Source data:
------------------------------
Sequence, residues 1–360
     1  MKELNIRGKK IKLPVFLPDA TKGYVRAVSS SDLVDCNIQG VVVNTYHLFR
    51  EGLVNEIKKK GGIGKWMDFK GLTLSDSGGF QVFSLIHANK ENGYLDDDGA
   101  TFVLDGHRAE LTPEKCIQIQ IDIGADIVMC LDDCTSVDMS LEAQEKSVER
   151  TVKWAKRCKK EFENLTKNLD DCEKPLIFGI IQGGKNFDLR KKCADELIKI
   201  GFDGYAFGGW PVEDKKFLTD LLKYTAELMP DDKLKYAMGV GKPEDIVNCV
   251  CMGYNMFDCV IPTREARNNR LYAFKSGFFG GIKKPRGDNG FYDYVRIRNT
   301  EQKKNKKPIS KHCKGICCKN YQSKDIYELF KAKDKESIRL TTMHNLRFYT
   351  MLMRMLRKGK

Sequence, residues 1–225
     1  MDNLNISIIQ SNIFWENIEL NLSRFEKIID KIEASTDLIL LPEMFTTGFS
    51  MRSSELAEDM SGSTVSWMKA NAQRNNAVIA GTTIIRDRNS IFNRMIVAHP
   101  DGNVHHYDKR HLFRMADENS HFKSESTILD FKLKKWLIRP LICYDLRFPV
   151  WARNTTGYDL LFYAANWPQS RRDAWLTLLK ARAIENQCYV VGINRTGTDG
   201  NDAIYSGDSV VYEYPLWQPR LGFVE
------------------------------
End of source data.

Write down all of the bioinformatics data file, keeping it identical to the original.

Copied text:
Sequence, residues 1–360
     1  MKELNIRGKK IKLPVFLPDA TKGYVRAVSS SDLVDCNIQG VVVNTYHLFR
    51  EGLVNEIKKK GGIGKWMDFK GLTLSDSGGF QVFSLIHANK ENGYLDDDGA
   101  TFVLDGHRAE LTPEKCIQIQ IDIGADIVMC LDDCTSVDMS LEAQEKSVER
   151  TVKWAKRCKK EFENLTKNLD DCEKPLIFGI IQGGKNFDLR KKCADELIKI
   201  GFDGYAFGGW PVEDKKFLTD LLKYTAELMP DDKLKYAMGV GKPEDIVNCV
   251  CMGYNMFDCV IPTREARNNR LYAFKSGFFG GIKKPRGDNG FYDYVRIRNT
   301  EQKKNKKPIS KHCKGICCKN YQSKDIYELF KAKDKESIRL TTMHNLRFYT
   351  MLMRMLRKGK

Sequence, residues 1–225
     1  MDNLNISIIQ SNIFWENIEL NLSRFEKIID KIEASTDLIL LPEMFTTGFS
    51  MRSSELAEDM SGSTVSWMKA NAQRNNAVIA GTTIIRDRNS IFNRMIVAHP
   101  DGNVHHYDKR HLFRMADENS HFKSESTILD FKLKKWLIRP LICYDLRFPV
   151  WARNTTGYDL LFYAANWPQS RRDAWLTLLK ARAIENQCYV VGINRTGTDG
   201  NDAIYSGDSV VYEYPLWQPR LGFVE